“Semi-protected articles can only be edited by logged-in users whose accounts are at least 4 days old and have made at least 10 edits,” Wikimedia, the foundation behind Wikipedia, said in an emailed statement, adding that the policy is not uncommon for articles that receive a sudden influx of edits. “Volunteer editors use these and other tools on a regular basis to help ensure that Wikipedia content is neutral and well-sourced.”
The frantic Wikipedia dispute, which saw hundreds of users making and reverting changes to the page, revolves around whether an economic downturn should first and foremost be defined as two quarters of falling GDP.
Data published by the US Commerce Department last week showed that gross domestic product fell at a 0.9% annualized rate in the second quarter. That follows a 1.6% decline in the first three months of the year, adding fuel to recession fears.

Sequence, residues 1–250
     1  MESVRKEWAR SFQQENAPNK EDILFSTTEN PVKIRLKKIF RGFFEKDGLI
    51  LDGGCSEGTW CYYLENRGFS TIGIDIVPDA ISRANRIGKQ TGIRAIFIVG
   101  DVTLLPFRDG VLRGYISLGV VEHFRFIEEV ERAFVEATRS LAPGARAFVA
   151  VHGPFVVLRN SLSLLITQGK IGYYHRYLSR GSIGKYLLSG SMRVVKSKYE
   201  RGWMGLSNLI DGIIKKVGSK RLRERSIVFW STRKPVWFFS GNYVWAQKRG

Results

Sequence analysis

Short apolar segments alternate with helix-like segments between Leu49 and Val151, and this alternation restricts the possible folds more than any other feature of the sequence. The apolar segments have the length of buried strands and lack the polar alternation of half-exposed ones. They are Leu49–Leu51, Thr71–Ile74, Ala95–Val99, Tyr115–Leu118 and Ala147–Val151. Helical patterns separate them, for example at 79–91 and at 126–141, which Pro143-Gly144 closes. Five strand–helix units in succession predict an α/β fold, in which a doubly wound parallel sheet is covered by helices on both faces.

As it stands, the Wikipedia article reads: “According to most scholars, countries, economists and central banks, a recession refers to a period of two or more consecutive quarters of decline in a country’s real gross domestic product (real GDP).”
The problem is that in the US, a recession is not called off by the two-quarter rule, but rather by a group of eight academics at the National Bureau of Economic Research, who by the way, are nowhere near to making a call on the dreaded R-word.
In the meantime, Wikipedia’s volunteer editors have created a thread to debate the phrasing of the definition and “avoid making clowns of ourselves.”